Georgia women's college apologizes for Klan connections
By Associated Press
By JESSE J. HOLLAND Associated Press
A historic women's college in Georgia is apologizing for its past connections to racism and the Ku Klux Klan.
Wesleyan College in Macon posted a statement on its website Thursday apologizing for its former students using names, rituals and sometimes attitudes ascribed to the Ku Klux Klan.
The school says it was the world's first college chartered to grant degrees to women.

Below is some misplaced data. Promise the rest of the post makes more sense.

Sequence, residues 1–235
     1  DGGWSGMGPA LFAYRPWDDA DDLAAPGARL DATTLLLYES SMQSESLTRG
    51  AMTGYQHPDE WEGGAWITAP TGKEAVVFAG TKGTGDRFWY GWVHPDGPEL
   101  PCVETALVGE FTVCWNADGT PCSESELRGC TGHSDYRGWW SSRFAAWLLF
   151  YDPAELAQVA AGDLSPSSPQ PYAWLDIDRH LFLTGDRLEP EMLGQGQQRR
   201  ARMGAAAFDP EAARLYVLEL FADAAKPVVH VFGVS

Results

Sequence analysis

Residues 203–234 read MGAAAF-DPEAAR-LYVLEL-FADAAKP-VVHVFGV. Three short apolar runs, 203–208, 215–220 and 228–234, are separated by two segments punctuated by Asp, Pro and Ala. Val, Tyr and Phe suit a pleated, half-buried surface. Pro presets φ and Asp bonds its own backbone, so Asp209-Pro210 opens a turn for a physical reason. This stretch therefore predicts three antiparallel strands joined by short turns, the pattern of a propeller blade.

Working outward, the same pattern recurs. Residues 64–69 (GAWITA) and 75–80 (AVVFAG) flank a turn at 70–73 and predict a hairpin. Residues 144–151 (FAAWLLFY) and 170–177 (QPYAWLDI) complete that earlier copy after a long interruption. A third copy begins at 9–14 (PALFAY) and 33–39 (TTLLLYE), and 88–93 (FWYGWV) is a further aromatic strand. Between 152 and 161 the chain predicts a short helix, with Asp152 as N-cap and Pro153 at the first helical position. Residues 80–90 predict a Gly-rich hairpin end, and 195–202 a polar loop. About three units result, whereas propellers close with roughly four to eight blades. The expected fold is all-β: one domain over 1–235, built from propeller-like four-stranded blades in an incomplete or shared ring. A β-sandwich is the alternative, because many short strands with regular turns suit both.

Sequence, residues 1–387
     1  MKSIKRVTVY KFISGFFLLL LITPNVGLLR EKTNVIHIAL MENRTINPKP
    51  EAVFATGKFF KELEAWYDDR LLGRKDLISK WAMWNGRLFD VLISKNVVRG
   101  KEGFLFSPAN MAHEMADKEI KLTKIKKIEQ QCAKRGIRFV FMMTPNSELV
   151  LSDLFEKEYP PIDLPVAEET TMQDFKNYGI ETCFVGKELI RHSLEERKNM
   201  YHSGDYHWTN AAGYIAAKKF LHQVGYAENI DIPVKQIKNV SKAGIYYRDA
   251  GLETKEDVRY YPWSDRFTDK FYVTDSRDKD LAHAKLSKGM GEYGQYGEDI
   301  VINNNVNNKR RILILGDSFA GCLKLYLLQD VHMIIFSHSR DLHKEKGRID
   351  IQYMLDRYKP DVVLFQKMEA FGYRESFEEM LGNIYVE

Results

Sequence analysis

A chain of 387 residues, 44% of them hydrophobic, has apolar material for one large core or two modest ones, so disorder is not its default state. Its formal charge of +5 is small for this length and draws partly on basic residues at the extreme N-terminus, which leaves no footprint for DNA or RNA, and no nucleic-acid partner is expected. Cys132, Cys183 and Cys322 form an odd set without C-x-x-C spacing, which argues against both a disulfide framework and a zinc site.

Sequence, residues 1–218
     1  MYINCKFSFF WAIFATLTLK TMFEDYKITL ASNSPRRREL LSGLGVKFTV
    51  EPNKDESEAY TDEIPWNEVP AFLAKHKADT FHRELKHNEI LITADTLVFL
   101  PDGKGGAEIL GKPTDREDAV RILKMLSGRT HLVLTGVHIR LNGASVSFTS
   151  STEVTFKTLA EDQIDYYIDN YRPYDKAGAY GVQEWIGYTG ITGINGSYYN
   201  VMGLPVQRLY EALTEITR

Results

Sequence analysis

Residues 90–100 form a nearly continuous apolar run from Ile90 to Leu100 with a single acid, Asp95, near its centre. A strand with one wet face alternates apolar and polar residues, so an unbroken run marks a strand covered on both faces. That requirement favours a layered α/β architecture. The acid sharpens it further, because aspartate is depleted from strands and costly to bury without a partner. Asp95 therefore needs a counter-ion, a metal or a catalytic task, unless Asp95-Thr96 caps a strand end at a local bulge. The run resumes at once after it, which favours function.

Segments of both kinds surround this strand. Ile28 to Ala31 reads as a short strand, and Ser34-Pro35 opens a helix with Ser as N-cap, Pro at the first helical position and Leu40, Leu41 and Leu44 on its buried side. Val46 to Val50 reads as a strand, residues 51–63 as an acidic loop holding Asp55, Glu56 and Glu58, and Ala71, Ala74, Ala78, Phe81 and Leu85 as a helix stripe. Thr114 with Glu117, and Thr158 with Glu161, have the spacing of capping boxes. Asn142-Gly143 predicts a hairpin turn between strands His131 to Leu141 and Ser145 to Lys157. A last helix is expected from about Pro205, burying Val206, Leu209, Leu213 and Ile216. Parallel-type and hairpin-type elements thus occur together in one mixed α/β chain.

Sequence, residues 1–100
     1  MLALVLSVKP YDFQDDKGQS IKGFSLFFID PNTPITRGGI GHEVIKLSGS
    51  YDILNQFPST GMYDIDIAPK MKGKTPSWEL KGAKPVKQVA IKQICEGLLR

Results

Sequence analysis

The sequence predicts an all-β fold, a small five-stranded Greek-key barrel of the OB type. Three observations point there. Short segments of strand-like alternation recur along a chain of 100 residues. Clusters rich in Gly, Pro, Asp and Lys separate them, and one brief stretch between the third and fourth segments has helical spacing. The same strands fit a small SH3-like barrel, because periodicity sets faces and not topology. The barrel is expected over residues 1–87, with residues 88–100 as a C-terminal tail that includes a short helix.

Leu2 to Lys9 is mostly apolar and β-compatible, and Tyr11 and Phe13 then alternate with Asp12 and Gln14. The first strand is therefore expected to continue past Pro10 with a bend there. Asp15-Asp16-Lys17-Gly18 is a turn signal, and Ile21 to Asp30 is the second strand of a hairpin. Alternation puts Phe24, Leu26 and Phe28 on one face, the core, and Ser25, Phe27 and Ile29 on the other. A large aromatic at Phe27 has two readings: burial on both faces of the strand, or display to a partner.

It says students in the past did "appalling things," including mistreating African-Americans employees, using names associated with the Klan like the "Tri-K Pirates," and using rituals including nooses, robes and other things associated with white supremacy.
The college says in the statement: "We are sorry for the pain that parts of our past have caused and continue to cause."
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